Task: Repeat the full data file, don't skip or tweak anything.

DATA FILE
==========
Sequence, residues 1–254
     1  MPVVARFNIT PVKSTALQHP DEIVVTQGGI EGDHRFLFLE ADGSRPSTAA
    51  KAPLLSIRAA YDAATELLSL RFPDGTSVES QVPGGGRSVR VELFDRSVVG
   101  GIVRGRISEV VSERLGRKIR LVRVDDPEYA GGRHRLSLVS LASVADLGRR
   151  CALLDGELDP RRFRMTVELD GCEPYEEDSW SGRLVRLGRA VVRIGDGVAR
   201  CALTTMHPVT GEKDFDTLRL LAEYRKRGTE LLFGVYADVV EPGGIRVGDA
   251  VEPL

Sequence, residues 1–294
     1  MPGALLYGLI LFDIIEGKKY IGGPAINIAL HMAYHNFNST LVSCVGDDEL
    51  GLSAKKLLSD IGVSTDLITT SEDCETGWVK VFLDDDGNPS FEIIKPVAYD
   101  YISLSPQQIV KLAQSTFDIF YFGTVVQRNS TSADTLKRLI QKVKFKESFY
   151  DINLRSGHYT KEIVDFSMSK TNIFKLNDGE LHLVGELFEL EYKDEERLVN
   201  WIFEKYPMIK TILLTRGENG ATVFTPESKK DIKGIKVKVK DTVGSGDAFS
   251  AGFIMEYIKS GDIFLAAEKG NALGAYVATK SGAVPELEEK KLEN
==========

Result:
Sequence, residues 1–254
     1  MPVVARFNIT PVKSTALQHP DEIVVTQGGI EGDHRFLFLE ADGSRPSTAA
    51  KAPLLSIRAA YDAATELLSL RFPDGTSVES QVPGGGRSVR VELFDRSVVG
   101  GIVRGRISEV VSERLGRKIR LVRVDDPEYA GGRHRLSLVS LASVADLGRR
   151  CALLDGELDP RRFRMTVELD GCEPYEEDSW SGRLVRLGRA VVRIGDGVAR
   201  CALTTMHPVT GEKDFDTLRL LAEYRKRGTE LLFGVYADVV EPGGIRVGDA
   251  VEPL

Sequence, residues 1–294
     1  MPGALLYGLI LFDIIEGKKY IGGPAINIAL HMAYHNFNST LVSCVGDDEL
    51  GLSAKKLLSD IGVSTDLITT SEDCETGWVK VFLDDDGNPS FEIIKPVAYD
   101  YISLSPQQIV KLAQSTFDIF YFGTVVQRNS TSADTLKRLI QKVKFKESFY
   151  DINLRSGHYT KEIVDFSMSK TNIFKLNDGE LHLVGELFEL EYKDEERLVN
   201  WIFEKYPMIK TILLTRGENG ATVFTPESKK DIKGIKVKVK DTVGSGDAFS
   251  AGFIMEYIKS GDIFLAAEKG NALGAYVATK SGAVPELEEK KLEN